A couple more small items for the “content is free, networks are valuable” meme… these w/r/t television. First, this LA Times piece on CBS’s “new internet strategy”:
The idea is to let their online material be promiscuous: Instead of limiting their shows and other online video to CBS.com, the network is letting them couple with any website that people might visit.
“CBS is all about open, nonexclusive, multiple partnerships,” said Quincy Smith, president of CBS Interactive.
A big part of this strategy is building an “audience network,” and to this end the newly revamped CBS site provides a variety of fora – ?message boards, wikis, and user-generated media galleries – ?to try to capture some of the energy of its various fan communities. It’s a fine line to tread, since fan culture is almost by definition self-organizing and thrives on a sort of semi-autonomy. But perhaps this only because the broadcasters have hitherto kept their distance (the occasional self-defeating lawsuit notwithstanding). It’s an interesting (and somewhat yucky) question, and one that applies well beyond TV: to what extent can community be branded?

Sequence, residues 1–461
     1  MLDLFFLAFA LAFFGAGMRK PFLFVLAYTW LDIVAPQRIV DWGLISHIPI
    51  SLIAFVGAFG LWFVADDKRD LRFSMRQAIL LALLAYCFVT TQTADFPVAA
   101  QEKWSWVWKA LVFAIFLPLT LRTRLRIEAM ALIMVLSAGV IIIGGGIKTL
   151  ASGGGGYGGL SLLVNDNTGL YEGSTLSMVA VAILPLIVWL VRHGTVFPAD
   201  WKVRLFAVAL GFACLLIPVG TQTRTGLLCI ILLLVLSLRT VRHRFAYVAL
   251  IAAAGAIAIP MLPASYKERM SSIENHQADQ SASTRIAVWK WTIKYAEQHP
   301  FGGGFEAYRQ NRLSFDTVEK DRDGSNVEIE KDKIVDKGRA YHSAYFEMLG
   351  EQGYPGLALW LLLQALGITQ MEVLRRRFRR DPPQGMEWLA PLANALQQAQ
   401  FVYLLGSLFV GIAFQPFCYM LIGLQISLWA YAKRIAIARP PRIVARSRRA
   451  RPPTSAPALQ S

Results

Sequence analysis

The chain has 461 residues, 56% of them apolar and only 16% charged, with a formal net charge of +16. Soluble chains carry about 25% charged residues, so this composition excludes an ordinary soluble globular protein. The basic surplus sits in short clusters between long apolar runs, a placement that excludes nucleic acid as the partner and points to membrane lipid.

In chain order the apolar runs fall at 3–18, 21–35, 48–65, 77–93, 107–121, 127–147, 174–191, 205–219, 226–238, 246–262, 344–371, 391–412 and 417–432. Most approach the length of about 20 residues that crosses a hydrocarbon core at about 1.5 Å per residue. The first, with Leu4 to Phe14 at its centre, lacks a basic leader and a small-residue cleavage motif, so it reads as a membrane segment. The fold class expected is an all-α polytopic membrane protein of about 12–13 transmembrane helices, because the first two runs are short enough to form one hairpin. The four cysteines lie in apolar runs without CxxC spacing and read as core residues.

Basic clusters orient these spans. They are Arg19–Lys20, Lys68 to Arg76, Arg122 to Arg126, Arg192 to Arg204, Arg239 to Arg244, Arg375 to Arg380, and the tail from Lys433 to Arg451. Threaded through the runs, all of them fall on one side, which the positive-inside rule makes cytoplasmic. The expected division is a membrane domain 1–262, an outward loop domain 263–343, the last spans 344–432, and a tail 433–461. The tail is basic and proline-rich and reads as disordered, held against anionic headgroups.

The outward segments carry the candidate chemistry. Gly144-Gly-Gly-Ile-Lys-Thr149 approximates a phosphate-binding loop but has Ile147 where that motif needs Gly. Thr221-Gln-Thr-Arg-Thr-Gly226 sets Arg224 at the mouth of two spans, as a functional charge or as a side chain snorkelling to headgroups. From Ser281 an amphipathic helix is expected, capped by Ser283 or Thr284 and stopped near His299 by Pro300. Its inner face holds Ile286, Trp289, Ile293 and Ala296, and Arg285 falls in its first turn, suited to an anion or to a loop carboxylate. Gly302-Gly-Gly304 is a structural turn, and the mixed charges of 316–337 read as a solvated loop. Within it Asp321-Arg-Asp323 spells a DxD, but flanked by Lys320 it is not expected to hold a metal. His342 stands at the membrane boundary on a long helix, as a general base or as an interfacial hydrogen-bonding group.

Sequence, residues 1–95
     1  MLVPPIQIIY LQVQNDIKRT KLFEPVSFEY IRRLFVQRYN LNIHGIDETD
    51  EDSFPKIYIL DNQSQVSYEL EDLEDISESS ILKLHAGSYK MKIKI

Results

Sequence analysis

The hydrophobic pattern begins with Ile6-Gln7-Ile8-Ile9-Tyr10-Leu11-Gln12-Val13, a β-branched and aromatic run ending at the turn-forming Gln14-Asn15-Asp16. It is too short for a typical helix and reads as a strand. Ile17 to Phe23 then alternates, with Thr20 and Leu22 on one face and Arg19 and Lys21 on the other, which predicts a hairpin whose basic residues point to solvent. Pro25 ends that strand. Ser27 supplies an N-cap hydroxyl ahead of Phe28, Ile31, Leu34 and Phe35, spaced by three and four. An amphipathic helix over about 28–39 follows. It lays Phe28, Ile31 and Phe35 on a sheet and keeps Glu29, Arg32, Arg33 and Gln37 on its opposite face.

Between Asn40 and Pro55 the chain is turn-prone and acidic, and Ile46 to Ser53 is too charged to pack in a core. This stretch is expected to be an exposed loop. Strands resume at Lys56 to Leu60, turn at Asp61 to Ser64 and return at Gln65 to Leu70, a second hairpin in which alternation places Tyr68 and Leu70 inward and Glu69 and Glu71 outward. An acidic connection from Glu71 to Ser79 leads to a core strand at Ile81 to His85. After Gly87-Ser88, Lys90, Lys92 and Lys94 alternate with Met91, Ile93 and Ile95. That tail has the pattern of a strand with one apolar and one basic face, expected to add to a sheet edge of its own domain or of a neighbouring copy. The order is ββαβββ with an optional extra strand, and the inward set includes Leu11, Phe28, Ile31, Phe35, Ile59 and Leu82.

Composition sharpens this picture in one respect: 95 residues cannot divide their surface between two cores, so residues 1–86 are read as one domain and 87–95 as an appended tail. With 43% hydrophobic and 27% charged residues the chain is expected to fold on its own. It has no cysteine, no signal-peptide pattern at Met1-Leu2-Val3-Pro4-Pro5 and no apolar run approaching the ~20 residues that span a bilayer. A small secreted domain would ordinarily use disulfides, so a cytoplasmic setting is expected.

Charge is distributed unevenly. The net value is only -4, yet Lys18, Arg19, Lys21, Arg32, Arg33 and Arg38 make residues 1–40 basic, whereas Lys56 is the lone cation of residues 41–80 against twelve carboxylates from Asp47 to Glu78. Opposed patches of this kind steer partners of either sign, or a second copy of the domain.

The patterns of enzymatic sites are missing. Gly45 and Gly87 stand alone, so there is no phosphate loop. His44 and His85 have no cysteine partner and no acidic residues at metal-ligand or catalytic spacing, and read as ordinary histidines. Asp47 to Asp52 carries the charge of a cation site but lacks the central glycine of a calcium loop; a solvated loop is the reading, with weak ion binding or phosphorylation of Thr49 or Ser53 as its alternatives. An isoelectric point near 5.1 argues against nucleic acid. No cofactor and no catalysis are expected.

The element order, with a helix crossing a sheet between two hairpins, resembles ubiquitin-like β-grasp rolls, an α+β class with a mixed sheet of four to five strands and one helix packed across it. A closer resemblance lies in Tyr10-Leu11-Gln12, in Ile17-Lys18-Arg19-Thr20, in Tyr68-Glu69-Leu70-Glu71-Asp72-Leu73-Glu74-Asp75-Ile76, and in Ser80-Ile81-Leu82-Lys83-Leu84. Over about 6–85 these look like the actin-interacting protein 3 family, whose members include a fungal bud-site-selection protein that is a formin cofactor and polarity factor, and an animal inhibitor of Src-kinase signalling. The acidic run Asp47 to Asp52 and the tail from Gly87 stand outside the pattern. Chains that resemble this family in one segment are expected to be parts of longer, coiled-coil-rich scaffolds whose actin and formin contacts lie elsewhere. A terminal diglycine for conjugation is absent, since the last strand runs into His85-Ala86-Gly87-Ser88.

Compare this with NBC’s more retentive move toward quasi-openness, post-iTunes, with NBC Direct, a service that offers free downloads of shows with auto-destruct DRM that wipes files after a week. I don’t think either network’s got it yet, but these are interesting experiments to watch.
In light of this, it’s worth revisiting Mark Pesce’s 2005 talk, “Piracy is Good?”, available here on Google Video.